Unlike the freewheeling Donald Trump, Biden does not take off-the-cuff questions from the press on the South Lawn. He almost never deviates from his remarks. His tweets are 280-character press releases, reviewed by senior staffers ahead of publication. That makes Wednesday’s press conference all the more consequential, presenting the media — and the public — with as unfettered access to the president as they are likely to get. It will amount to a chance for Biden to acknowledge that 2021 didn’t turn out as planned and give clues about how he might approach 2022 differently.

Presidential press conferences, described as “an example to millions of democracy at work” by the New York Times when Dwight Eisenhower delivered the first in 1955, are alluring for the narrative possibilities they offer, even if those possibilities end up being inevitably constrained by reality, as Obama learned after his own 2010 reset failed to stem a tea-party-fueled GOP takeover of the House.

Joe Biden
Biden speaking about supply chain bottlenecks in October 2021. (Drew Angerer/Getty Images)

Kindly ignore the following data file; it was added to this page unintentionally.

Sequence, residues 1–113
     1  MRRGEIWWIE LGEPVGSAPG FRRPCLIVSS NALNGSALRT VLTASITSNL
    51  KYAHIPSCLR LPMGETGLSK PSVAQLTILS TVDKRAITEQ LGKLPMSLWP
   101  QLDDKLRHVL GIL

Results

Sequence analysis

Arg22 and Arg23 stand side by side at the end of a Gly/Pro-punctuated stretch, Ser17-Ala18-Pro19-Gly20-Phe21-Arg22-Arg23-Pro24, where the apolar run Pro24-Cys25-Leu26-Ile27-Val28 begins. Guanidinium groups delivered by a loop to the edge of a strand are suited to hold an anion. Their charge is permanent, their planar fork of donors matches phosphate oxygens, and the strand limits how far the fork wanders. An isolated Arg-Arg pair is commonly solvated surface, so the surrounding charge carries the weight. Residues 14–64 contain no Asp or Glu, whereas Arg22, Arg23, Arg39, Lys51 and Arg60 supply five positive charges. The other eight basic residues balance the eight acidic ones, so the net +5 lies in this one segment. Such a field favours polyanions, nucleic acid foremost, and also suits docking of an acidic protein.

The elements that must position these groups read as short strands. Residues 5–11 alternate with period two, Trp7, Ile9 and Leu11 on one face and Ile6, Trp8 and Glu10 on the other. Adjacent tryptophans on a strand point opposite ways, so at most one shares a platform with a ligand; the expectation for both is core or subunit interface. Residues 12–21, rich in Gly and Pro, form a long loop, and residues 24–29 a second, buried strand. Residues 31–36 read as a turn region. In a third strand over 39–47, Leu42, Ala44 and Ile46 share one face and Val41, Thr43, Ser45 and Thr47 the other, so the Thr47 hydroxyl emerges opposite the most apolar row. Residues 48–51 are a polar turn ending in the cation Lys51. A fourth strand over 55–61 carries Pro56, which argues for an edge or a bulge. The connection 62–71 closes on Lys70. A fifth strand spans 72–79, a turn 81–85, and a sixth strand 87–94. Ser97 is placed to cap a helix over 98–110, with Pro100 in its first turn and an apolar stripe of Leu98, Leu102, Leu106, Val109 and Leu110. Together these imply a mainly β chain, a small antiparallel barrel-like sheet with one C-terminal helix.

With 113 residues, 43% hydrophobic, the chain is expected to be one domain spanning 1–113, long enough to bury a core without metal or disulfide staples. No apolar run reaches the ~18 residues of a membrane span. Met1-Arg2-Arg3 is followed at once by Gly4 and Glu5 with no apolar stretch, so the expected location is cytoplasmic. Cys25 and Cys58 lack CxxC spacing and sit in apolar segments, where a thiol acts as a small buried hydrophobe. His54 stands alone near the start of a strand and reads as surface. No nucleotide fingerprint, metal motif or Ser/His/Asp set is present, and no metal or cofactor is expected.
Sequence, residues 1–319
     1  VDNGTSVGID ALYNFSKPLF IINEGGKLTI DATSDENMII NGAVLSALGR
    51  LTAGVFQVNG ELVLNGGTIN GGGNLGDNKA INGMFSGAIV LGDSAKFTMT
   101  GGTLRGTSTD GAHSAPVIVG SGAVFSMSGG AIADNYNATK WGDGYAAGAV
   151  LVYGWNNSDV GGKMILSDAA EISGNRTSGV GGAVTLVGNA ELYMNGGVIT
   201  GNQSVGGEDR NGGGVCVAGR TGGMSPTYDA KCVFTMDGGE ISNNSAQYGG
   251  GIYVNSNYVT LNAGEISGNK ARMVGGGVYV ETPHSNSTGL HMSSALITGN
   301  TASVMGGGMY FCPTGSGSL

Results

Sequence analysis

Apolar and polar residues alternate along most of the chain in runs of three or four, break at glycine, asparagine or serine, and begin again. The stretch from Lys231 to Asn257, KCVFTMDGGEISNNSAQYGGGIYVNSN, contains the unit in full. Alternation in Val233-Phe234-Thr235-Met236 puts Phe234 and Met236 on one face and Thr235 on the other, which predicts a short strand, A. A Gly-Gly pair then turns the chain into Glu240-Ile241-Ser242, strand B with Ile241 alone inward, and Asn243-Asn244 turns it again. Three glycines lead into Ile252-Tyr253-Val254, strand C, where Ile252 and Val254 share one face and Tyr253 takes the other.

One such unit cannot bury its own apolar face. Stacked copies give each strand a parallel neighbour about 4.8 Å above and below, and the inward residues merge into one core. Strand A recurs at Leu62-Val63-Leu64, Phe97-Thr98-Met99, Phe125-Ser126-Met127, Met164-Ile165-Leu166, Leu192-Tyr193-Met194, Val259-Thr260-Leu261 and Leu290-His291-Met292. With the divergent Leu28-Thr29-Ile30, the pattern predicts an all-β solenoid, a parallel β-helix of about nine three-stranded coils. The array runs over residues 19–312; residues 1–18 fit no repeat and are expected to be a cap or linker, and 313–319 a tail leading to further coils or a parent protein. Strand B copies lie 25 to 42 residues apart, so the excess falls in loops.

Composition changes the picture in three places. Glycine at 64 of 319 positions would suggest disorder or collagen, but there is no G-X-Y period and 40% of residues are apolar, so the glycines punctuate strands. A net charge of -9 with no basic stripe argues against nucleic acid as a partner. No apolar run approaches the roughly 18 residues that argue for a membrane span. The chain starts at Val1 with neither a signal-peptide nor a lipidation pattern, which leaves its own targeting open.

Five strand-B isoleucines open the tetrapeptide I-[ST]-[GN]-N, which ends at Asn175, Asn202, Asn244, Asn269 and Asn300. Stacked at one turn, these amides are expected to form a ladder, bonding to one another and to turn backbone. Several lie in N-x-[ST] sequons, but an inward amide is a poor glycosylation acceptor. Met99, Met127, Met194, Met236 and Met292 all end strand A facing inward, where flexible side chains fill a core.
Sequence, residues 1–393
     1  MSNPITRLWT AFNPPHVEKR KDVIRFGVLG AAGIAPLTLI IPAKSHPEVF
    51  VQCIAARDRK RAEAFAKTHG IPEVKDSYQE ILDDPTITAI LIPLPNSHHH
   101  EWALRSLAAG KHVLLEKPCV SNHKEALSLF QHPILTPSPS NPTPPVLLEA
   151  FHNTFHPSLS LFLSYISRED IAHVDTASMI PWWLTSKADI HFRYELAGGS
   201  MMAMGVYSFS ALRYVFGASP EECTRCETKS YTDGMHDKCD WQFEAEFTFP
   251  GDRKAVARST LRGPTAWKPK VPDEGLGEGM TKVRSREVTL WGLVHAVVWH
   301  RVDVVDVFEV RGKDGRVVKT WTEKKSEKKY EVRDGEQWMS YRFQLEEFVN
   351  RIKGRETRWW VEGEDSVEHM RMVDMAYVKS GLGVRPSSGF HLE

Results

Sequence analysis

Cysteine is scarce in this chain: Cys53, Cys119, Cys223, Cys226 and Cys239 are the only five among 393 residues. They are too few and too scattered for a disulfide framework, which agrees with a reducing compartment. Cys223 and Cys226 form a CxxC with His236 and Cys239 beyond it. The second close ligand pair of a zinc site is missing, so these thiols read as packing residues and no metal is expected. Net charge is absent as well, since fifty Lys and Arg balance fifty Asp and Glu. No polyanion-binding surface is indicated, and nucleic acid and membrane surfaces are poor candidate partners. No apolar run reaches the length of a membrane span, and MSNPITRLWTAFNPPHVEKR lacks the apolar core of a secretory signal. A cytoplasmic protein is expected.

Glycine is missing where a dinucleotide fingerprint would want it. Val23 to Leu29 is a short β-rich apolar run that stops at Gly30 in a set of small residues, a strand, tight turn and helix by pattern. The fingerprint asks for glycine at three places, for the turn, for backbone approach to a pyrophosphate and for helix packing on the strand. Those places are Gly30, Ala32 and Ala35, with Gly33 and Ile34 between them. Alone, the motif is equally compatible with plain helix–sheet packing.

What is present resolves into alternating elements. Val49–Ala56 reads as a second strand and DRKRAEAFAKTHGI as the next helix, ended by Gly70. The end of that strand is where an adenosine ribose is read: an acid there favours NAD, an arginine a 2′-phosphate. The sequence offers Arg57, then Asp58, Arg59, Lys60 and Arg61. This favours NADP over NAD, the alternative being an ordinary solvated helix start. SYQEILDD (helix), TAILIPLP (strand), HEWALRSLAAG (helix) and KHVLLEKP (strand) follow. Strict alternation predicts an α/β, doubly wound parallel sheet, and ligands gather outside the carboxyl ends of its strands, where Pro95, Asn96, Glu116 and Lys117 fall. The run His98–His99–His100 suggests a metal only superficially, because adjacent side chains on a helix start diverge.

Biden has held only one press conference since taking office, making him far less accessible than his predecessors. His top advisers believe that the media has been unfair to them, so they see little reason to expand that access in an open forum. Trump, of course, also decried the press as unfair, going so far as to brand the media “the enemy of the people.” But whereas Trump battled perceived bias by sparring with journalists, Biden has generally shied away from them.

The first Biden presidential press conference was in March of last year, when things felt — and were —different. If this week’s press conference is an occasion for reflection, Biden’s first amounted to something of a victory lap just months after taking office. Vaccines were available, and schools were reopening. Businesses were hiring in preparation for an almost normal spring and summer. “Biden’s not on a path to being a transitional figure,” a political consultant had recently told the Los Angeles Times. “He’s on a path to being a transformational figure.”